Mantra for Removing Negativity: Jai Te Gang

Mantra for Clearing Karma and Removing Negativity

Let’s say you’re having a bad day.  You yelled at your spouse before work because they didn’t pick up your dry cleaning (they never support you!) and because you were late, you didn’t kiss your kid goodbye.  It’s not an unforgivable offense, but you feel like a jerk.  Going to work, there’s tons of traffic and you honk repeatedly at the “idiot” in front of you who doesn’t know how to drive.  Maybe, just maybe, you flipped them off.  You got to work late and your boss gave you a nasty look.  You sat down at your desk and there are hundreds of emails to deal with, phone messages that must be returned, and frankly you don’t like what you do anyway.  The office coffee is cold, you woke up with a stiff neck, and your spouse is texting your cell upset because you yelled at them.  And that’s the good part of your day. By the time you settle down to sleep that night, after a day of snapping at everyone in your path, your whole body hurts under the weight of your negativity.  You wonder why you can’t get a break, why the world has to be so hard, and why you’ll never be able to afford to retire.  You fall asleep grumbling to yourself, wishing you felt better about your life.  Sound like you or someone you know?

Even for the most spiritually aware among us, there are times when bad thoughts creep into our minds.  Many sages and great masters have taught us that the goal of our personal development isn’t to remove the bad thoughts and isn’t to never have the moments when we think everything is stupid or that we just aren’t good at anything and never will be.  In fact, the masters say, what we must strive to do is not to remove the thought, but to remove the negative reaction to the thought.

It can be difficult to control the mind once it gets on a downward spiral.  One negative thought, like a virus, spreads and creates hundreds more in its wake.  Affirmations are useful to try to throw in a positive thought and trip up the mechanism of thinking, but for the big jobs, for the times when your negativity is spinning out of control and the weight of your own karma fells like rocks tied to your ankles, you pull out the big guns.  Or the big sword, rather.

The mantra “Jai Te Gang“, written by the Sikh Warrior Saint Guru Gobind Singh, is an incredibly powerful tool to cut through the darkness around you, whether created by your own mind or created by the minds of those around you.  It channels the power of the cosmic sword, like the Sword of Archangel Michael in Judeo-Christian belief, the energy of which slices through negativity and darkness, leaving only light in its path.  The mantra speaks of a great sword which will remove all demons from our mind and body.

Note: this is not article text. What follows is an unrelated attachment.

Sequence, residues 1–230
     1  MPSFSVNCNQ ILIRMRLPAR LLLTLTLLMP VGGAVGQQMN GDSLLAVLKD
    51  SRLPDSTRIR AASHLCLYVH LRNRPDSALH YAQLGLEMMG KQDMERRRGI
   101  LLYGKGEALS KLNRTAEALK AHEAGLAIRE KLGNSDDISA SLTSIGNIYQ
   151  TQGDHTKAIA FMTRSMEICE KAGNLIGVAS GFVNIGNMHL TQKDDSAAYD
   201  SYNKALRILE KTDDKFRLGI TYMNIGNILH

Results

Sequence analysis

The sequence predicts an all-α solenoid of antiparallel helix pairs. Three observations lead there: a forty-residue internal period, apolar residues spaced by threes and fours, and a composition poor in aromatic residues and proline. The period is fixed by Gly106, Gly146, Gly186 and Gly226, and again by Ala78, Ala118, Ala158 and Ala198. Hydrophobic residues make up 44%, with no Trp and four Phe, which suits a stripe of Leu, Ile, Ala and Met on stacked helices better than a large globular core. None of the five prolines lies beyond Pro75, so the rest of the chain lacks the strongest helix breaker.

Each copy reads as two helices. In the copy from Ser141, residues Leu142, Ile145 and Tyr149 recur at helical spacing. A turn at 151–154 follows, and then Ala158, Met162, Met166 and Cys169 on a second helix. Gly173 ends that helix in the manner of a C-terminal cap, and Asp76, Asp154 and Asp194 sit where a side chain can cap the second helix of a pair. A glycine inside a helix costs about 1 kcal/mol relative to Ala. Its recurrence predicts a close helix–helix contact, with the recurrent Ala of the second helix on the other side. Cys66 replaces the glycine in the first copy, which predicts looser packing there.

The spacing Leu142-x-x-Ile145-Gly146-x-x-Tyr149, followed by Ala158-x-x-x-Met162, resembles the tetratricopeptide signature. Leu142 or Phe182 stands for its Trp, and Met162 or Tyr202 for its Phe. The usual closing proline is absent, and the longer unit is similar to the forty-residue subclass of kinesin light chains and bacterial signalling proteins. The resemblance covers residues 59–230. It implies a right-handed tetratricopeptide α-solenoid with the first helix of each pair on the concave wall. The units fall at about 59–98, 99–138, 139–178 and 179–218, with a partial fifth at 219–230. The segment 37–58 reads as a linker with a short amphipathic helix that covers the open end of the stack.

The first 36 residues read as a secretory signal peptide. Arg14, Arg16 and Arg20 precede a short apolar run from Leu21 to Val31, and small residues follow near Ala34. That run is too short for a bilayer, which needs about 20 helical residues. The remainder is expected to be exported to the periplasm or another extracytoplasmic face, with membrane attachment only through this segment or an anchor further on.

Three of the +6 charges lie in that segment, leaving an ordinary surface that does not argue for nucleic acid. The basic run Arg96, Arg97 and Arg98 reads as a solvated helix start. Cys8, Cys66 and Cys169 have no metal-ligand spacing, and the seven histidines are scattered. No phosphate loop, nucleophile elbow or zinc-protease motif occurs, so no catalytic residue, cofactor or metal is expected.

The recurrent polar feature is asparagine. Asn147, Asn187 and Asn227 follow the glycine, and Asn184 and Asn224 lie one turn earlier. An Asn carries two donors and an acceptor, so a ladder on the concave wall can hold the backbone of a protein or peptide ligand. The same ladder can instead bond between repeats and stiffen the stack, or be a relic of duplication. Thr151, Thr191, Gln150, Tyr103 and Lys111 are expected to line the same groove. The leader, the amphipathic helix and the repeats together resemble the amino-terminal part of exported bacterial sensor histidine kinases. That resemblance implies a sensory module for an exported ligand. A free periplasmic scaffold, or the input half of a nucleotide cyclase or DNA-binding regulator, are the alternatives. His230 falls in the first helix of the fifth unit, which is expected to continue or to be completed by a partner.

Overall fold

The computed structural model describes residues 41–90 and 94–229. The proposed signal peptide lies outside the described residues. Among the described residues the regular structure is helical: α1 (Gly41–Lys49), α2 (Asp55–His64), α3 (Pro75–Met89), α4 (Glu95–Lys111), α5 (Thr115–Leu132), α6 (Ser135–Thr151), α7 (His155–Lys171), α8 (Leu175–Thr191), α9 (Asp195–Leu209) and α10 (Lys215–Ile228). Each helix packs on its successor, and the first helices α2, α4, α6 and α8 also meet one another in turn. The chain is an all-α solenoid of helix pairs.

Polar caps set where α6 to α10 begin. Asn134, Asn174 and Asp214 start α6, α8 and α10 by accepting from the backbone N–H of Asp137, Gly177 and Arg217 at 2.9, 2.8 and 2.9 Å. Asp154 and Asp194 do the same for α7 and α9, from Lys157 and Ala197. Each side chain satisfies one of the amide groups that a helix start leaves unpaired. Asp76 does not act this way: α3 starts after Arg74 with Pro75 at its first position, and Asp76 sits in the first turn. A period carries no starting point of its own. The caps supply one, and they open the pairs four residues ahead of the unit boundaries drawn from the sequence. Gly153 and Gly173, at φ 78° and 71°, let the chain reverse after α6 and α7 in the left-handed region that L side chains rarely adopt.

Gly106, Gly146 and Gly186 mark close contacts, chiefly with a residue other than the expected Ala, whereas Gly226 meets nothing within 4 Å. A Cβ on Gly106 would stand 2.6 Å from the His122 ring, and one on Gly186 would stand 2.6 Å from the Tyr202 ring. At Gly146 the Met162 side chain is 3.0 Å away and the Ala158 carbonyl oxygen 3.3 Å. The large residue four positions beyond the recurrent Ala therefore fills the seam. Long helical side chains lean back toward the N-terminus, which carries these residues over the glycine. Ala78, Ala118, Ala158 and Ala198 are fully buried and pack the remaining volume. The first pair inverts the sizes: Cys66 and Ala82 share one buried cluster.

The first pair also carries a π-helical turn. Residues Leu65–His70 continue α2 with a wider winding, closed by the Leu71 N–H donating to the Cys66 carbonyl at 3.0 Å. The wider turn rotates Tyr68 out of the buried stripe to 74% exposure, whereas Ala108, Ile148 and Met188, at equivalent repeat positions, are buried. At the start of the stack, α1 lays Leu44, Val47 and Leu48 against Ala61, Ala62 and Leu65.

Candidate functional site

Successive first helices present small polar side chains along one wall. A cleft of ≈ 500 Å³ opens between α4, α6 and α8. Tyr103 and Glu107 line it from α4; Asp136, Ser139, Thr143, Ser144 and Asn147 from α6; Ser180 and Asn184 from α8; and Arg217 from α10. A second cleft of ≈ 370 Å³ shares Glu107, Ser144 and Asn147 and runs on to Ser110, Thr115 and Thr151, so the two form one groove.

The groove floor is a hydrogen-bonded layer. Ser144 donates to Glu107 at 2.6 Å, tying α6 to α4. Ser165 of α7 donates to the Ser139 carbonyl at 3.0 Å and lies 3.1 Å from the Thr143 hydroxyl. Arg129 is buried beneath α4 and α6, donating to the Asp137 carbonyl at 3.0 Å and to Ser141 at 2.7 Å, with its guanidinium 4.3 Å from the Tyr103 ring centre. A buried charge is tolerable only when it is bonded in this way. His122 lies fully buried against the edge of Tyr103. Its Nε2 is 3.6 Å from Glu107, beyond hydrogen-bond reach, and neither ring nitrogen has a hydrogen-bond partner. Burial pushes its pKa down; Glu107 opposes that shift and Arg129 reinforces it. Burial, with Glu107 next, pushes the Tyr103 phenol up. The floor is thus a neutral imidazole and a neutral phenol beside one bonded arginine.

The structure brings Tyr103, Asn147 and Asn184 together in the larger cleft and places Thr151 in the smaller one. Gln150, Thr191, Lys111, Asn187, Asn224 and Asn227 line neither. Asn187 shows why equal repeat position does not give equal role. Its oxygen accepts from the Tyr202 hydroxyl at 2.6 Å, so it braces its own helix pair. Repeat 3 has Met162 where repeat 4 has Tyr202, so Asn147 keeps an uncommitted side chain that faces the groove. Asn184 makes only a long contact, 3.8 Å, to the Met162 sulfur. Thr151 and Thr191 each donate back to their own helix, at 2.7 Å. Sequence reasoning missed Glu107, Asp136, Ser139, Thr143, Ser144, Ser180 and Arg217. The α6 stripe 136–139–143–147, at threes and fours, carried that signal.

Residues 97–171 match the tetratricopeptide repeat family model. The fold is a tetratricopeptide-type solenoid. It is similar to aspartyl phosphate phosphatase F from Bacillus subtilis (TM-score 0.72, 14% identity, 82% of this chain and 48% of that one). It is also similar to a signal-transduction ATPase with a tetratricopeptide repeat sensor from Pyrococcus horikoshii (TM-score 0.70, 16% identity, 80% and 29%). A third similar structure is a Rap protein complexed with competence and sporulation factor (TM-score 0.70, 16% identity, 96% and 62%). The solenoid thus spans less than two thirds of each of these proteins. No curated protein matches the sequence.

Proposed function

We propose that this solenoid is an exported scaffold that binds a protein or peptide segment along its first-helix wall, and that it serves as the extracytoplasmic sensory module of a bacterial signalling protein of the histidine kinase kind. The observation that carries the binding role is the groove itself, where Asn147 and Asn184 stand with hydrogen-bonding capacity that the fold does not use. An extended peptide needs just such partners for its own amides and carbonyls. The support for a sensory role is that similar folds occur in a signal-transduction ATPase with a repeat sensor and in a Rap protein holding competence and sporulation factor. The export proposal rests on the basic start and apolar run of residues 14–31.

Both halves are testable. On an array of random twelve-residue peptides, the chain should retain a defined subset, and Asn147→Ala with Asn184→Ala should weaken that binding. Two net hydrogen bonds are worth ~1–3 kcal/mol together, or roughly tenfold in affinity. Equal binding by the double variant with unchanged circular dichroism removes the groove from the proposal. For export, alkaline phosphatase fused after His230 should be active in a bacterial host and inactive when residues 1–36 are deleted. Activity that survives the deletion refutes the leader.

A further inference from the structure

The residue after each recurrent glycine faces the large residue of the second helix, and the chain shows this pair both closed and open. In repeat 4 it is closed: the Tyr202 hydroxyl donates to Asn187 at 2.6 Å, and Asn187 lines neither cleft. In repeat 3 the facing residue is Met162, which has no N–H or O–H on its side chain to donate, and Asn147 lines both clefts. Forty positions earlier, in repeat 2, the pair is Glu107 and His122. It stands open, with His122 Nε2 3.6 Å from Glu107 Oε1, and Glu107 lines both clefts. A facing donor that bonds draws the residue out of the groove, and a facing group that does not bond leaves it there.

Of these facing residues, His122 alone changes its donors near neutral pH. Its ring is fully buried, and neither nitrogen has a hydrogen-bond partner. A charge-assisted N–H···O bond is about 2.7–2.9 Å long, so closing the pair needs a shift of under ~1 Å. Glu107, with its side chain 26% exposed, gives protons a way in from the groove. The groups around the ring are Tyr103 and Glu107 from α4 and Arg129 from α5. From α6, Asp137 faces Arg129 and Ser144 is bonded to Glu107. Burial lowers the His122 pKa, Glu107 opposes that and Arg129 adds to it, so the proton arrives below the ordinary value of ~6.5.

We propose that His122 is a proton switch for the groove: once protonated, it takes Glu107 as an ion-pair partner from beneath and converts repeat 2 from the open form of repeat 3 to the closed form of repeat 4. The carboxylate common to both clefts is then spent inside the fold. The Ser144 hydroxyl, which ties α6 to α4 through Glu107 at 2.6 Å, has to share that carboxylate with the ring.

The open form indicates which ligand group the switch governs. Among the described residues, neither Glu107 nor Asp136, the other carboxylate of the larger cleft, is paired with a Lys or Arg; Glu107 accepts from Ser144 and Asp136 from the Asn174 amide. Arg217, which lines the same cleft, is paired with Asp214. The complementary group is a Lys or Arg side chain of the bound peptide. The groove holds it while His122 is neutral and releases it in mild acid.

Yogi Bhajan said that this mantra was to be experienced.  He recommended a person chant it while lying down, chant it while sitting, and then chant it while standing, to experience the power of this mantra in different ways. Once this mantra becomes a part of you, Yogi Bhajan also said it would echo in your ears when negativity crept into your life, making a sort of failsafe against the darkness within.  If you feel your home has a negative energy within it, play this mantra to stop it in its tracks and bring in the light of the Divine.

Mantra for Removing Negativity: Jai Te Gang

Khag khand bihandan khal dal khandan at ran mandan bar bandan

Bhuj dandh akhandan tej parchandan jot amandan bhaan prabhan

Sukh santaa karnang durman darning kilbikh harnang as sarnang

Jai jai jag kaaran srist ubaaran mam pratipaaran jai tegang

(Editor’s Note:  There are two incredible versions of Jai Te Gang, both with very different energies, but extremely powerful.  I recommend having them both and keeping them playing in your home when you are out to remove negativity and clear the way for your own strength and prosperity to flower.)

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  1. Plz print the mantra in english thxx

  2. I’m feeling adventurous and want to learn the lyrics to Jai Te Gang by Gurunam Singh. I have the lyrics and translation for the first portion, but the second verse is what I need. Where can I find it?

    • the second part of Gurnam’s version is
      Durjan dal dandan asur bihandan dusht nikandin adi britey

      Chharasur maran patit udharan narak nivaran gurh gate

      Achhey akhandey tej prachande akhand udande alakh mate

      Jai jai hosi mahikasur mardan ram kapardal chhatr chhitey
      translates as
      Thy Nature from the very beginning is to punish the multitudes of vicious people, to destroy the demons and to uproot the tyrants.